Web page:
A Walk up French Bread Street or Chocolate Street?

I promised you another walk around our Paris environs, didn’t I? Last time we were macaroned on French Impressionists’ Island. Today it’s a lovely day, so let’s take a stroll around my favourite town up the road, St Germain-en-Laye.

Château de St Germain-en-Laye

We’re only walking up one street today: rue au pain. With a name like Bread Street, you can imagine the smell of boulangeries, right?  Wrong.

Bread street? Pain! It’s all chocolate.

This street should really be called rue au pain au chocolat, as it has chocolateries, confiseries, and pâtisseries. Oh, why do I get such a lovely shiver when I say these words?  This confiserie, La Petite Cousine – which is rather expensive – is totally worth it: their mendiants (chocolate palets with candied fruit and nuts), guimauves (marshmallows), pâte de fruits and chocolate selections are all rather exquisite.

chocolateries, confiseries, confused?

Rue au pain is also the birthplace of one of my favourite composers, Claude Debussy.  He was born in rue au Pain on 22 August 1862.  They’re currently refurbishing the museum (which also houses the Tourist Infomation point), so I’ll show you it when it’s finished. It’s spooky to think I used to play so many of his piano and flute works (my first BBC radio flute recital was featuring Debussy) and one day I’d end up in the same town; just as eery when I suddenly put on radio classique and Debussy plays as I’m driving around the town, looking for a parking place.

Debussy by the American sculptor, Mico Kaufman

This is all in the space of a 5-minute walk – although given that you’re licking the windows (as the French say for window-shopping), or even buying these sweet treats, then it will take you more like 25 minutes.

This chocolate shop is only a few doors away from Jeff de Bruges and they give them tough competition: usually their window is dressed in seasonal chocolate sculptures and many a time, there’s a chocolate fountain enticing passers-by to pop in. Here they’re luring us with crêpes and real melted chocolate – if you want Nutella you get the cheaper ones around the corner!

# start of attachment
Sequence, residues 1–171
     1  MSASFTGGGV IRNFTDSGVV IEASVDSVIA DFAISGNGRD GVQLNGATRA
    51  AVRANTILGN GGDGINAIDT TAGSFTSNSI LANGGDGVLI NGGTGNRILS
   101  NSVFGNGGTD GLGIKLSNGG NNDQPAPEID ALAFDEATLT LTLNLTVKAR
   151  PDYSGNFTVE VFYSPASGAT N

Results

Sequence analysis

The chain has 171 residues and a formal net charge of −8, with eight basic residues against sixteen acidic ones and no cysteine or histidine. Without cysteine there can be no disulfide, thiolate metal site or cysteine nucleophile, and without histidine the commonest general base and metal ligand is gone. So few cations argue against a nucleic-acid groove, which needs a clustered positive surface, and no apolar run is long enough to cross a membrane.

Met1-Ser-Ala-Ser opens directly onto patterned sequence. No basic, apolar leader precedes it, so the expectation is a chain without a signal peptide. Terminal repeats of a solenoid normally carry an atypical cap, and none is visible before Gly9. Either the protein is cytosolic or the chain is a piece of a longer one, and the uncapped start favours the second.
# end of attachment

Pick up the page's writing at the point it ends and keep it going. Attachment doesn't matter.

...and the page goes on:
Pâtisserie Grandin have recently refurbished their boutique to showcase their pastries and macarons…

My personal preferences are in the other streets (you can perhaps tell by their look, ahem. You see why I make them myself?) I’ll show you my favourite Pâtisseries later, as it deserves another post. And now for the final stop at the very top, facing rue au pain: Patrick Roger.

This is one of the latest branches of Patrick Roger’s Parisian chocolate boutiques.  Every few weeks he changes the giant chocolate sculpture in the window; from Gorilla, to Grizzly. I wonder if he could do Kaufman’s statue of Debussy in chocolate? Just an idea, Patrick!

Grizzly sculpted in Venezuelan chocolate

At la rentrée – the return to school – children were greeted with gigantic chocolate pencils and glistening chocolate marbles presented in pencil-cases.  Is that not an easy way to instantly become the teacher’s pet, brimming with a packet of mini pencils and marbles?

He’s a MOF – Meilleur Ouvrier de France, but of course. I already showed you his pumpkins – it’s a better photo since it was taken inside, without the reflection and it means I could actually buy something, but what?

The elegant assistant always lets me taste one of their chocolates and I never take a photo of it, as it disappears too quickly. Chocolate-basil was the last one I tried. But my personal favourites are his passionfruit caramels – plus I love the chic green bag!  It makes up for him not making any macarons.